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(photo credit: Courtesy)
As Israel deals with the ongoing loss of some of its best local talent, Africa Israel chairman Lev Leviev on Sunday called on local companies to invest in Jewish education to keep the country's best from moving abroad.
"Had Israel invested more in Jewish education, more of our talent would have felt Israeli and stayed in the country," Leviev said at the Globes Israel Business Conference. "The problem of brain drain is of great concern to us."
Leviev stressed that businesses need to take initiative to find the great minds in Israel and place them in Israeli businesses overseas.
The businessman also outlined where he felt investment opportunities lay for Israeli companies abroad.
"The Indian and Chinese markets are the most attractive markets moving forward and India is going to be one of the strongest areas for Israeli companies," he said, adding that emerging markets, and especially Russia, were good investment markets, as is Eastern Europe.
"Despite signs of a slowdown, we see opportunities to continue to invest in the US," Leviev added. "We don't see a recession in the US, but rather a calm and this may provide a great opportunity for Israeli investors."
Leviev's view of the US economy contrasted with that of visiting lecturer to the conference, Nouriel Roubini, professor of economics at the Stern School of Business at New York University, who outlined why he believes the US is about to enter a recession year and the effects it would have on the global economy and on Israel.
"My view is that the US economy is in for a hard landing because of three forces that everyone recognizes," Roubini said, citing the slowdown in the housing market, high oil prices and the delayed effect of the increases in interest rates from 1 percent to 5.25%.
He noted that these factors were more severe than similar shocks, which brought the recession in 2001. In particular, he said a recession driven by a real estate bust rather than a tech bubble burst would result in greater losses in real investment, more wealth that could be lost and a larger labor market that would be affected.
Given Israel's competitiveness in the hi-tech market, Roubini stressed that Israel would not be as hurt by the prospective US slowdown as it was in 2001 but that it still would be affected given its reliance on the US as a trade partner.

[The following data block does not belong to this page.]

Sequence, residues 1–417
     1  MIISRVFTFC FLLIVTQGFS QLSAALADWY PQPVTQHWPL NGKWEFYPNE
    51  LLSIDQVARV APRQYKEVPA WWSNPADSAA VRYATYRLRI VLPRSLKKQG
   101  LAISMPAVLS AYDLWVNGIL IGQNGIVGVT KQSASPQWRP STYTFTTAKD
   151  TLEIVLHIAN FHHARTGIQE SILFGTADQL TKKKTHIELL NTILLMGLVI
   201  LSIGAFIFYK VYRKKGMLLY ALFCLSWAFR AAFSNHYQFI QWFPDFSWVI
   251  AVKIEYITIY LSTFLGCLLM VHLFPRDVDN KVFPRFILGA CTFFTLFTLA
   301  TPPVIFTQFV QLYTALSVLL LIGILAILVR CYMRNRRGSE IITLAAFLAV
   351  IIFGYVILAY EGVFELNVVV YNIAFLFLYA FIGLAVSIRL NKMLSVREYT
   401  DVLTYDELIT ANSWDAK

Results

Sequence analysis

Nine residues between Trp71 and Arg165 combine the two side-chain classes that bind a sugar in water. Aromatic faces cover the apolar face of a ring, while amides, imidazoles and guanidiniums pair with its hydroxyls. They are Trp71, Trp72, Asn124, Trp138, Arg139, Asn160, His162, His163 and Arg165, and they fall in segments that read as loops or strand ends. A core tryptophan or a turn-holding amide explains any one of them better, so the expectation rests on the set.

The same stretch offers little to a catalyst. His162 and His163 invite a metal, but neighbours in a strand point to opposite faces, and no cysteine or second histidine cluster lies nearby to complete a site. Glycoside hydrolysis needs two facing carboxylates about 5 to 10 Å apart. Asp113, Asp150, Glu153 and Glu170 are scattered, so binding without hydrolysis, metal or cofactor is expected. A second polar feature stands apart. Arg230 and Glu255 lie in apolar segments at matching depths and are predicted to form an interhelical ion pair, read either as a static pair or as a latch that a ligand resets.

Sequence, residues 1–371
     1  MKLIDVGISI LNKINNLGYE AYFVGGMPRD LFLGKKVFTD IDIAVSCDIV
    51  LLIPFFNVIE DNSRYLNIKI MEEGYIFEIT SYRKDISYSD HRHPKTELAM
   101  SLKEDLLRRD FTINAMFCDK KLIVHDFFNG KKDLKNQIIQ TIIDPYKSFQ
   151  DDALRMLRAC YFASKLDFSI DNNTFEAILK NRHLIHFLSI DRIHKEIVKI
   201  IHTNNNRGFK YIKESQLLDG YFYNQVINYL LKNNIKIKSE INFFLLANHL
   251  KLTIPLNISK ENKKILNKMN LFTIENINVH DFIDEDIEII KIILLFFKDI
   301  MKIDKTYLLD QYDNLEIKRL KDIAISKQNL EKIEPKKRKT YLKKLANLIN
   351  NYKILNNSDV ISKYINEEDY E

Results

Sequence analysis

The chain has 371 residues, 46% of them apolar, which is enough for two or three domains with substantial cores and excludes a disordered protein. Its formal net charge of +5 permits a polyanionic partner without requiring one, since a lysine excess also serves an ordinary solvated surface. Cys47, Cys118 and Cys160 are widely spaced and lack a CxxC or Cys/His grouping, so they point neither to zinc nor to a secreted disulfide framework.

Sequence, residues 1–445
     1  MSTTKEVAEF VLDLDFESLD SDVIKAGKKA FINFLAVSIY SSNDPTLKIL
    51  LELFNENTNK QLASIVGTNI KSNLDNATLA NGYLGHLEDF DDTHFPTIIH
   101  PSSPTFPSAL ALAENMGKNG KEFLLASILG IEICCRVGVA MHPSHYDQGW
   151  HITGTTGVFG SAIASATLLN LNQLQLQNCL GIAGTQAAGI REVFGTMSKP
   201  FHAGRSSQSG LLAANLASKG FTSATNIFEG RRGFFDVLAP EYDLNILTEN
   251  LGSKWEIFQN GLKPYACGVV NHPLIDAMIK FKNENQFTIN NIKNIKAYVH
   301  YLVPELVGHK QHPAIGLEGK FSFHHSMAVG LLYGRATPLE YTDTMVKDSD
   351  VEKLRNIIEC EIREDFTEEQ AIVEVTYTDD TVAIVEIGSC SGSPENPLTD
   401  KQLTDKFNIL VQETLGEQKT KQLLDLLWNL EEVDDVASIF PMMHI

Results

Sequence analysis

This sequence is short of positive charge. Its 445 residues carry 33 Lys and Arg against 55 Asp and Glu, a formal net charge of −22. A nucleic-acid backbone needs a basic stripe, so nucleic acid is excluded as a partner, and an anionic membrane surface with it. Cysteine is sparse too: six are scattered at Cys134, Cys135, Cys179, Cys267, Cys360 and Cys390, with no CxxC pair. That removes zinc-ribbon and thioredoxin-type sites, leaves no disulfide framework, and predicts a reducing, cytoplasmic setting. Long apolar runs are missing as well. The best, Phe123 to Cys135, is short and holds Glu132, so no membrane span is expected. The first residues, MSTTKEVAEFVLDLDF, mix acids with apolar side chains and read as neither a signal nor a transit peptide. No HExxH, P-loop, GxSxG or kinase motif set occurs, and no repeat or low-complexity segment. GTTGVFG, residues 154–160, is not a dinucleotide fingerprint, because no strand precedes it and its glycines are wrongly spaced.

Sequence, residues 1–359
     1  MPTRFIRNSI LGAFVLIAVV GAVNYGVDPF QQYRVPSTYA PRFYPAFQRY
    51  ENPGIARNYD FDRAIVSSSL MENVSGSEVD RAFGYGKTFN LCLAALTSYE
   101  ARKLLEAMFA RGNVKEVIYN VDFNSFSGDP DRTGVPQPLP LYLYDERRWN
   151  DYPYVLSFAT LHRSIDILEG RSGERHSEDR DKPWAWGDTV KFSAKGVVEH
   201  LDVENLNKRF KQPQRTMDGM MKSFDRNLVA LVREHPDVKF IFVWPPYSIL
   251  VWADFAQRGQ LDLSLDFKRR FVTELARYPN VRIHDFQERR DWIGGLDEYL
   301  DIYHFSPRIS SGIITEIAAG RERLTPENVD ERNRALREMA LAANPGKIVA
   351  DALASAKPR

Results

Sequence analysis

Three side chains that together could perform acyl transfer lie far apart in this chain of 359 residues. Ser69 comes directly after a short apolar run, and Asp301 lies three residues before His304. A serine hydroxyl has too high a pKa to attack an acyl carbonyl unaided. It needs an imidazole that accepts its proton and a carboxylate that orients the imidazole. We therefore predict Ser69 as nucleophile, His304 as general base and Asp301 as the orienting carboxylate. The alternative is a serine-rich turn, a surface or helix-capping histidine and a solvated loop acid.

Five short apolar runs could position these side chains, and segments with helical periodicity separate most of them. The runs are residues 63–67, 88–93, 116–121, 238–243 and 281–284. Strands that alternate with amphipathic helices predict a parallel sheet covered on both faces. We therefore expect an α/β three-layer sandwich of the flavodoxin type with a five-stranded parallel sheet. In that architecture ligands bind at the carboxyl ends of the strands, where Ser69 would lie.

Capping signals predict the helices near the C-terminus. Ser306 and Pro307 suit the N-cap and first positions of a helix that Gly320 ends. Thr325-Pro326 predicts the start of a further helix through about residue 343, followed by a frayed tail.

Yet, while Roubini, also commented on Israel's resilience in the face of the difficult geopolitical forces it faces, CNN's business travel journalist Richard Quest stressed that the investment climate in Israel always has to take the security situation into account.
"Israel is a thriving economy with huge investment opportunities," Quest said. "But it can never reach its full potential until a peace agreement is achieved."
Meanwhile, a session on the financial markets showed the banking, insurance and investment industry to still be skeptical over the achievements of the Bachar reforms some one-and-a-half years after their implementation.
"When you look back at the aims of the reforms, in my opinion you don't see that these were achieved, and certainly not for the consumer who has received no benefit," said Eitan Raff, Chairman of Bank Leumi in a panel discussion on the post Bachar prospects of the financial system.
Raff's sentiment was echoed by the seven other panelists from the banking, insurance and investments industry who all concluded that the banking sector was still centralized, with Banks Hapoalim and Leumi still holding 60 percent of the market, and the consumer not benefiting.
Also at the conference, the Internet industry examined the prospects for Israeli companies in the Internet 2.0, or user generated content market.
"In the next phase of growth content is king," said Uri Shenar, of aniboom.com. "The opportunity is not in providing an alternative for Yahoo, Google etc, but to read where the market is going next, and we are just at the beginning."
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